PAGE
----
On McCain's involvement in the financial industry bailout negotiations, I have a question: What was said in the meeting between the House Republicans and Senator McCain last Thursday? Right before the meeting, it appeared that there was a deal; and right after the meeting the del fell through.
McCain said that he went to DC to "help". Was it his intention to stop the rescue efforts, with the help of the House Republicans led by Minority Leader John Boehner only to take up the mantle of "leader" when the bill eventually passed? And why hadn't McCain met with his Senate Republicans, a group who could have stopped the bailout talks with a simple filibuster, instead? That answer certainly could be a distrust they have for their "Maverick" colleague and why the meeting was set up with the House GOP instead.
McCain put a lot on the line when he suspended his campaign and did his best Alexander Haig "I'm in charge here" impersonation. (In the hours after President Ronald Reagan's assassination attempt, Haig made that remark seemingly forgetting that he, as Secretary of State, was way down on the list of succession.)
McCain bet that his name would be atop the "I made it happen with my leadership" list. Instead, it appears that his end-play was to run interference.
In the end, McCain's "support" (as if there was any) didn't gain even one more vote towards getting the bailout bill passed. Not one Arizona Congressional member (and only four of nineteen Representatives from George Bush's home state of Texas) actually voted for the bill.
There was a bill, bipartisan with the support of the White House, ready to be out before the House and Senate until McCain showed up.
There is no bill today.
by Victoria A. Brownworth
copyright c 2008 Journal-Register Newspapers, Inc.
What’s good for Wall Street is supposed to be good for Main Street. So goes the conventional wisdom. If the market does well, ordinary Americans are also supposed to prosper because stocks will go up, dividends will be high, credit will be flowing and most Americans are represented by the stock market in one way or another--so Wall Street impacts us all.
That said, it’s difficult for most Americans–myself among them–to comprehend how the $700 billion bailout House and Senate leaders agreed upon in a rare Sunday session September 28 will be good for us here on Main Street, particularly as it is something the Bush Administration proposed.
Americans who are not wealthy have seen a radical economic downturn under the Bush Administration as compared to the Clinton Administration, which was one of the most prosperous in the 20th century. For everyone.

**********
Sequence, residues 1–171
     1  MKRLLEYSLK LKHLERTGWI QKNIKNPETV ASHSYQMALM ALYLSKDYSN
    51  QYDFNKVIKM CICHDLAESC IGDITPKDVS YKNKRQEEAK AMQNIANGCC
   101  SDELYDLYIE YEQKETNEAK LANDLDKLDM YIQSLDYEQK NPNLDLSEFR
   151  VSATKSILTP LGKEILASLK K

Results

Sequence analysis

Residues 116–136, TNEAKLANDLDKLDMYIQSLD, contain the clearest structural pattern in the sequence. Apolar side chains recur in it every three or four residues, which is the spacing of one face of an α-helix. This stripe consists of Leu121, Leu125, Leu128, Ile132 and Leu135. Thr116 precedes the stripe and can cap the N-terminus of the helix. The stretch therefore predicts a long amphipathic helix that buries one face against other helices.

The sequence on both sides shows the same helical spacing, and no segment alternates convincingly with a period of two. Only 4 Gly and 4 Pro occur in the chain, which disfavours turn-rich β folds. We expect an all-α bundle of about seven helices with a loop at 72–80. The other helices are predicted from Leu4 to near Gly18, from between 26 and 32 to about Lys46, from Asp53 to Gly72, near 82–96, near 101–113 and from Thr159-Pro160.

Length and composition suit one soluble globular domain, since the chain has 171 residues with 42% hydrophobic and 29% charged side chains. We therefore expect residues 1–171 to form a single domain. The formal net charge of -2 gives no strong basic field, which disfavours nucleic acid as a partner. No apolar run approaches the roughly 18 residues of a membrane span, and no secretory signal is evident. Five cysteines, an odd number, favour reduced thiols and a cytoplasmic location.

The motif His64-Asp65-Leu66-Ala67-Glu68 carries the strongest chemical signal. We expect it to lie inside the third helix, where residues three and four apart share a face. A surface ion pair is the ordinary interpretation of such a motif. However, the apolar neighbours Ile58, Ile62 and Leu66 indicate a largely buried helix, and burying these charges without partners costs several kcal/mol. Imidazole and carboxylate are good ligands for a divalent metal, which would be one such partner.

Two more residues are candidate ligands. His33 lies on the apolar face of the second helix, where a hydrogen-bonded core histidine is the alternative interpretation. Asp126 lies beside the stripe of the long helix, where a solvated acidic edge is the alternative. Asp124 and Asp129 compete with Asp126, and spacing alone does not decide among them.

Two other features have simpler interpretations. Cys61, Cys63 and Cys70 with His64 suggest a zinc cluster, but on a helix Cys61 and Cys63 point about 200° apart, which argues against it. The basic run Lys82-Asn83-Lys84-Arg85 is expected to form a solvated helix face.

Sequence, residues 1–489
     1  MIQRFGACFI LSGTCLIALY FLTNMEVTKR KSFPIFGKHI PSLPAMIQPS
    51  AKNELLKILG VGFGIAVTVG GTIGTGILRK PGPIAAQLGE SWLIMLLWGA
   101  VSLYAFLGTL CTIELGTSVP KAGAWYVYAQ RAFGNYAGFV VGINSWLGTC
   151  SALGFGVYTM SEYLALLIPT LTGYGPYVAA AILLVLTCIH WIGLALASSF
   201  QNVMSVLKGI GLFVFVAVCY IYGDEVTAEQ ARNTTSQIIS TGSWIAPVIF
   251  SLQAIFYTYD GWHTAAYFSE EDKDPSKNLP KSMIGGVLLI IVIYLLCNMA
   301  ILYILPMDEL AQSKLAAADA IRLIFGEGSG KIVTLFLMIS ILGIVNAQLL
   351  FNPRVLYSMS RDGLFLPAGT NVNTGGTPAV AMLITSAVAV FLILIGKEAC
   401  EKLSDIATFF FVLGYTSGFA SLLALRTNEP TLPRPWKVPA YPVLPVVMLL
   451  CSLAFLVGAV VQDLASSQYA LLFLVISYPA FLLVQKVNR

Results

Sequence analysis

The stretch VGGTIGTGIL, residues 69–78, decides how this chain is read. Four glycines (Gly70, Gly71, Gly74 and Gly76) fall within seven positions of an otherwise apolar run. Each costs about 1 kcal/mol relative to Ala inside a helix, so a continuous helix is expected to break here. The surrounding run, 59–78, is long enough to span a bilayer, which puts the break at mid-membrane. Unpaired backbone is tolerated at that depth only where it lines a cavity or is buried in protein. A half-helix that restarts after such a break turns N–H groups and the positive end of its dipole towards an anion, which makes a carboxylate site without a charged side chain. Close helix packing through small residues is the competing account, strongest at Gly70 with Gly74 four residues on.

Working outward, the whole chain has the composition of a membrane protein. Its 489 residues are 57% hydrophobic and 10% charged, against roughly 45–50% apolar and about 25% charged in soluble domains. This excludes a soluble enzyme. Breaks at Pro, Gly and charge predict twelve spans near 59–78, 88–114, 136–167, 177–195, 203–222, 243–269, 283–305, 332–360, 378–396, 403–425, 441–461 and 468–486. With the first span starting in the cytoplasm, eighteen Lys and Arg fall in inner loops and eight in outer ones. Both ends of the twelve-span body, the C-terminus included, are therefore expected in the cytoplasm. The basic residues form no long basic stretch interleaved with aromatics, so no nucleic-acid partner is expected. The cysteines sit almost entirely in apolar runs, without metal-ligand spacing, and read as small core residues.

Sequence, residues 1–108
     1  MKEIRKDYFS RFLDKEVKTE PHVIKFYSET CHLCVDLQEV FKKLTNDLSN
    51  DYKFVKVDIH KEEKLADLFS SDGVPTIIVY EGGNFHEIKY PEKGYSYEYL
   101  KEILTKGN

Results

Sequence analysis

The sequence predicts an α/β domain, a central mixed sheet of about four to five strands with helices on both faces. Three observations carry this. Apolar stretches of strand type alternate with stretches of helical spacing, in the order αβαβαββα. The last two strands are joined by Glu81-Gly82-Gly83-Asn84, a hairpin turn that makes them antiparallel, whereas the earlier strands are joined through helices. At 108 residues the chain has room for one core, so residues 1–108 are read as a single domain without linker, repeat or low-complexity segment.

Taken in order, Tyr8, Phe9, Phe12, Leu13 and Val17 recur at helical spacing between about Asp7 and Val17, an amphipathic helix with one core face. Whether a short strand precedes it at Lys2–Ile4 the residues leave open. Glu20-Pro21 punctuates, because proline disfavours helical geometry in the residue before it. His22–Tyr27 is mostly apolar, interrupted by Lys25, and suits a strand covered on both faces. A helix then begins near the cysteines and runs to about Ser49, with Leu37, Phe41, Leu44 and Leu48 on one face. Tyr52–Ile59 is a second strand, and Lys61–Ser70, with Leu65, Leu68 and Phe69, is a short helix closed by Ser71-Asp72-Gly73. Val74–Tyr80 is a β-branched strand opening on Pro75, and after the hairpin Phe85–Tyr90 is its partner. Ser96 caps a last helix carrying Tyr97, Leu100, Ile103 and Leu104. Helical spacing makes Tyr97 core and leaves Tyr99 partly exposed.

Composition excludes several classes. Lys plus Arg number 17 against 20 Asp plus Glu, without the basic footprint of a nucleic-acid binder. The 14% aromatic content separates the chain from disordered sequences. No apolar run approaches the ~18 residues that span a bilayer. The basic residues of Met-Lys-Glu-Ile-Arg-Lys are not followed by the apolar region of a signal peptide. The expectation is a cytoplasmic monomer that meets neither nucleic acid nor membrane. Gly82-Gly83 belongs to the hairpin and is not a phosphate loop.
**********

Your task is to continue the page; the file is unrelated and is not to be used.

Both the House and Senate will likely vote on the bailout plan this week after major tweaking is done. About 60 percent of Congressional Democrats were behind the bailout, but only about 30 percent of Republicans favored the plan with House Republicans standing firmly against it until the Sunday session. Speaker of the House Nancy Pelosi had consistently demanded bipartisan response to the bill.
Neither presidential candidate supported the original plan, but both have said they would “likely” vote on a final version as long as it includes protections for those of us here on Main Street. Both Barack Obama and John McCain have been strongly advocating oversight of the agreement and assurances that taxpayers would not be stuck carrying the full weight of the bailout.
But taxpayers will indeed be stuck with the price tag for this monumental decision and what’s more, it will have a decided impact on the next president and his plans for the country.
In the September 26 presidential debate, moderator Jim Lehrer tried to get both Obama and McCain to state their opinions on the bailout and what they would cut in their administrations to pay for it, but both candidates skirted the issue, although both did voice their concerns for Main Street.
Most economists have agreed something dramatic is needed to keep an increasingly fragile economy from further damage. (Most economists not in the Bush Administration have failed to used the word “collapse” as Treasury Secretary and former Goldman Sachs CEO Henry Paulson has, however). But a majority of economists have urged restraint and careful consideration in the negotiations–something echoed repeatedly by House Financial Services Committee Chairman, Rep. Barney Frank (D-MA). Frank has been one of the key arbiters of the bailout plan and has voiced the most consistent concerns for those of us on Main Street, saying that average Americans should not be expected to pay for Wall Street’s mistakes.